Gyre – Second Circle

To put into words just how much a record meets our approval without coming across as obsequious or trite (or, worse still, bland) is one of the hardest tasks facing the reviewer. This is the challenge facing me today as I review New Jersey technical/groove metal band Gyre, whose second EP ‘Second Circle’ came to my attention not more than a fortnight ago.

On the basis of this record, Gyre is of that breed of groups whose music defies easy labelling, rising above any single genre. As it is the trend today, the band have been, and probably can be, most easily marked down as technical metal, but to limit them to a single musical space is to miss what makes the music of ‘Second Circle’ unique.

When listening to the EP, I was surprised by just how quickly it played. Yes, it is short – four tracks, not even 17 minutes long – but there is so much variety and intensity packed within, that the music passes by even more quickly. The first track, ‘All Revealing Eye’ sets the tone for the rest of the EP, a maelstrom of straightforward metal aggression (reminding me of Malefice) and groove/funk-inspired technical ability (I couldn’t help but hear Mastodon too, not a bad thing).

Bands who are known for moving between and beyond genres know that such an anti-formulaic formula can bring success – just ask Between the Buried and Me, probably the band around best known for this sort of approach. However, such an approach can always backfire, the music becoming too unrecognisable and too intense – as such the concept of space is always important. Knowing when to say less is as necessary as turning up the volume, something Gyre have learnt, and quickly.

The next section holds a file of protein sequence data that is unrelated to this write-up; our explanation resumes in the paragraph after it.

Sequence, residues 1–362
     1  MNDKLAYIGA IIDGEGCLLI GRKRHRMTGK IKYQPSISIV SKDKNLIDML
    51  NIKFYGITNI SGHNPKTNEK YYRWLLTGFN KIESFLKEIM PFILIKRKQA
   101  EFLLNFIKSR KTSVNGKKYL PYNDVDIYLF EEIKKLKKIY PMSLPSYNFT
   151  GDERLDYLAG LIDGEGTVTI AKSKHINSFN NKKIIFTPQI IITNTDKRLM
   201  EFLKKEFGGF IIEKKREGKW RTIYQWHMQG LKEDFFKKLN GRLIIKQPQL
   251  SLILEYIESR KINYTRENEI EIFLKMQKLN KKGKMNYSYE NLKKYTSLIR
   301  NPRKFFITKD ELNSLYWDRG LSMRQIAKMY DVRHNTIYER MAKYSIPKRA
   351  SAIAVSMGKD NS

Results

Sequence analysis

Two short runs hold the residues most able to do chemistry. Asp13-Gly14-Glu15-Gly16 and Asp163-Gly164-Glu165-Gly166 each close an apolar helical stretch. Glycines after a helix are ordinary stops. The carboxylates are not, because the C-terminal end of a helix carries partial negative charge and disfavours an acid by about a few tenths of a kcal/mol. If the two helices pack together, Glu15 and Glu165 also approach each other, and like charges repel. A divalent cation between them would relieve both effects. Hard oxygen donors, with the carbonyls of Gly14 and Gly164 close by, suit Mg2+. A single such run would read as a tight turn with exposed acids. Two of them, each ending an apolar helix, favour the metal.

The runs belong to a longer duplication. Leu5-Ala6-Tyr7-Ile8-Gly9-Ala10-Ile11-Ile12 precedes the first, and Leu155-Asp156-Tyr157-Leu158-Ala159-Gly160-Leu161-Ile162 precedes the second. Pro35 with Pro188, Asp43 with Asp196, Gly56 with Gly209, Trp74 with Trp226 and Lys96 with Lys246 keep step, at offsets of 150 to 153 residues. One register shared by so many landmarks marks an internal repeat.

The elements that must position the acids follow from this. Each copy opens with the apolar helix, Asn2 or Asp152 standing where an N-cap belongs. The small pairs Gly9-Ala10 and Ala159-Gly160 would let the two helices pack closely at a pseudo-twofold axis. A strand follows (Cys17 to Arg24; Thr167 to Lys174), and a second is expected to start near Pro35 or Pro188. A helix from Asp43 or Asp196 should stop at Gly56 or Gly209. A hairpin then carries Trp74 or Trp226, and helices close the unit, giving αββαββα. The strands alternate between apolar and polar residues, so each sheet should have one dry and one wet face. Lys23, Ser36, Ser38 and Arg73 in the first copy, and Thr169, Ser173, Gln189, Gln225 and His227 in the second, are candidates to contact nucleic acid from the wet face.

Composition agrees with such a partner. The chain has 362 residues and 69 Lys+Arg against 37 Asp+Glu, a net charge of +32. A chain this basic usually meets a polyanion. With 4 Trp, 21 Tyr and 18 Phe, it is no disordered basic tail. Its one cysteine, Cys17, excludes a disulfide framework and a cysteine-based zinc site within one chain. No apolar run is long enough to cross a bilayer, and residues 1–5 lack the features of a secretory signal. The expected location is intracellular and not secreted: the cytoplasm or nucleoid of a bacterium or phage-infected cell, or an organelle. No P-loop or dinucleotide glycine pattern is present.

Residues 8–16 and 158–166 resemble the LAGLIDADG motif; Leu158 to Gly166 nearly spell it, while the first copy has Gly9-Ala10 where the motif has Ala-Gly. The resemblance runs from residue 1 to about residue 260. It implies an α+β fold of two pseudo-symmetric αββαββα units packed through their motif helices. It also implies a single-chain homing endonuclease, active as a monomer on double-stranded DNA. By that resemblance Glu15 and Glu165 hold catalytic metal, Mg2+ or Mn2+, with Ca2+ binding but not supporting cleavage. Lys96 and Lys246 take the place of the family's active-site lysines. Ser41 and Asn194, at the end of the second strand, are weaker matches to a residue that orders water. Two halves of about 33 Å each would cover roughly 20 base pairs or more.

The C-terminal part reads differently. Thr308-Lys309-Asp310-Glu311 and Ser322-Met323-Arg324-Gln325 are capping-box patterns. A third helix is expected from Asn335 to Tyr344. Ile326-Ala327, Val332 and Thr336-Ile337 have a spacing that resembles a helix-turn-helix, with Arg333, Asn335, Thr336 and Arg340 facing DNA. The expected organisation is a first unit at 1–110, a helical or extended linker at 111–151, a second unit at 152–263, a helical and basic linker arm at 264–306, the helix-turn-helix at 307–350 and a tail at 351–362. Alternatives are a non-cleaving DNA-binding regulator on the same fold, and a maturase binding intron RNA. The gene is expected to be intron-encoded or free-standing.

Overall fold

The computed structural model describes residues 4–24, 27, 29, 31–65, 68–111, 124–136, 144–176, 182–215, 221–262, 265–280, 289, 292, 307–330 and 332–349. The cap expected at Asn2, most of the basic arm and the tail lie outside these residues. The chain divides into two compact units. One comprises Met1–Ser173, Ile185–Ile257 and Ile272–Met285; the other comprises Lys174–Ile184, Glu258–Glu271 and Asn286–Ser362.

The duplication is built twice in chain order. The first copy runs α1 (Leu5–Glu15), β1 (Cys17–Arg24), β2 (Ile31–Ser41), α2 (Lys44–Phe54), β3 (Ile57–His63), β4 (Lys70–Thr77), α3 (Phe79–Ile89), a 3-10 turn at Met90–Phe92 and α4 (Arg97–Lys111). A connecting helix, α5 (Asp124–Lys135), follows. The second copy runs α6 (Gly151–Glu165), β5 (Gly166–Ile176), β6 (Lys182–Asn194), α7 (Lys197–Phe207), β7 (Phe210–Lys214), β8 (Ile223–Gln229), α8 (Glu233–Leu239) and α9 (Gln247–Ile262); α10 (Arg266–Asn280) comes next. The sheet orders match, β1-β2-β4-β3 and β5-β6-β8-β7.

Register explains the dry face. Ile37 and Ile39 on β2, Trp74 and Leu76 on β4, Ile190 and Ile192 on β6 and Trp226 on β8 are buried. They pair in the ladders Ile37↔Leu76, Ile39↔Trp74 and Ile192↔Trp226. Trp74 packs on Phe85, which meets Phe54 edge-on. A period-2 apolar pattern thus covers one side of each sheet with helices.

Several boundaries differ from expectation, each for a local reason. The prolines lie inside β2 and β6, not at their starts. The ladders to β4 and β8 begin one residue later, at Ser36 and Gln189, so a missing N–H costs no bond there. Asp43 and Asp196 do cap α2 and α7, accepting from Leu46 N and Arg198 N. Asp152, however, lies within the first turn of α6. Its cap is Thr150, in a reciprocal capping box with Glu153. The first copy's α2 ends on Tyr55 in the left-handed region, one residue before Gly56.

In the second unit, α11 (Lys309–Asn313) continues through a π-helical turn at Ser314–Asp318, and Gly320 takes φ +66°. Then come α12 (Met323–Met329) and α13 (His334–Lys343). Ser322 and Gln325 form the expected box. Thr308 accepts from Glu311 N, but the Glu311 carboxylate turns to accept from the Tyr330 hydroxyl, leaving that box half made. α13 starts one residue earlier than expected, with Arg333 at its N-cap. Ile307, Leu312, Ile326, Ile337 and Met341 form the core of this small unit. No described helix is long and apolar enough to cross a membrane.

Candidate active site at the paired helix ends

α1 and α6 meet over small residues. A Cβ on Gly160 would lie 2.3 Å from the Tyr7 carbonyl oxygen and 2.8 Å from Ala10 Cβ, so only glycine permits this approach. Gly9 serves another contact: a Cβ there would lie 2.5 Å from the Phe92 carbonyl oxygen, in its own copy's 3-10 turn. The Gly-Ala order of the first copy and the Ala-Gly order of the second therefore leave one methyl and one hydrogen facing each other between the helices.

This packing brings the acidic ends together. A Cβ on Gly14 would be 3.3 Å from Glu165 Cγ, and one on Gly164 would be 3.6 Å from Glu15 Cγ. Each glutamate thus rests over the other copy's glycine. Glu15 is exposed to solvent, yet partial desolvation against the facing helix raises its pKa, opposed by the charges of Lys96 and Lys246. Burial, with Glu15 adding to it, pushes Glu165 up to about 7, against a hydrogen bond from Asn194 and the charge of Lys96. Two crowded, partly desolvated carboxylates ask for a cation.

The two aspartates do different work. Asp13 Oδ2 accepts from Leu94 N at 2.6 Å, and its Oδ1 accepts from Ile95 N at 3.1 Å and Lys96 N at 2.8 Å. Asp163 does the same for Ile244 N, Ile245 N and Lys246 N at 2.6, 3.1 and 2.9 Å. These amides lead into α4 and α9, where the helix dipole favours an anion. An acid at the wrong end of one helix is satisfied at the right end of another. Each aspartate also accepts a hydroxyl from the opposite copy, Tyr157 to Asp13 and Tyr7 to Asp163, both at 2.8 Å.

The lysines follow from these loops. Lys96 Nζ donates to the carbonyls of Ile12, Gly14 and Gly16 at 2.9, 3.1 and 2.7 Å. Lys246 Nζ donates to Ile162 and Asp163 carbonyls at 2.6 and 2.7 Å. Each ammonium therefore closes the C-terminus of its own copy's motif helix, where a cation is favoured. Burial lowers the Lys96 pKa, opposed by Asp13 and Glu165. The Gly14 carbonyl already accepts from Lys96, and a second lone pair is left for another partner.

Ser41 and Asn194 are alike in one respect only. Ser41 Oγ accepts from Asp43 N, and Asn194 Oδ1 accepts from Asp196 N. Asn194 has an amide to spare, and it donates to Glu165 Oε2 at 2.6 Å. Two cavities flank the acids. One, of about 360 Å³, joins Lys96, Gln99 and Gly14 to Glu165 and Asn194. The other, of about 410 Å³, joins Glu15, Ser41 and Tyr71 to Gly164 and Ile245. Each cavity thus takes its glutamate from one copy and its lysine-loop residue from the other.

Although ‘Second Circle’ is a heady experience – Gyre certainly do pack it in – each track swells and peaks, moments of quiet and moments of intensity. ‘All Revealing Eye’ certainly does this well, but the best song for me is track 3, ‘Circle to Feed’, a Mastodon-inspired sound, heavily set on groove-based riffs, underpinned by some seriously impressive basswork.

The songwriting on ‘Second Circle’ is well-aided by the excellent production, the clarity of which certainly helps with this sense of space. Each instrument comes across nicely and there is no sense of one dominant sound. Again, ‘Circle to Feed’ illustrates this well – the clean vocals sit well on top of the guitars, which still allow the bass to shine through. Such clarity of sound with music of this complexity is no mean feat, and every time I listen to the EP I hear something new. Indeed, this review would be amiss not to mention the musical ability on offer, especially in vocalist Giovannie Jeckler’s impressive range of shouts, growls and clean vocals, and the independent voice of bassist Chirag Bhatt.

This is the first 5 star review I’ve ever given, for two simple facts. Firstly, although I’ve gone through the EP about fifteen times now, I’m not yet bored of it, and I know that – unlike many other albums I’ve reviewed – I’ll come back to it once this is published. Second, and importantly, this record deserves 5 stars on the basis that the only fault I can find with it is the clichéd ‘it’s too short’. Of course, this is no real fault – this is only an extended play, after all. However, this raises the question – can Gyre reproduce this form over twelve tracks, rather than four? They’ve certainly proven they can handle the shorter format. If they keep up this level of quality then their full-length debut will definitely be something to watch out for.

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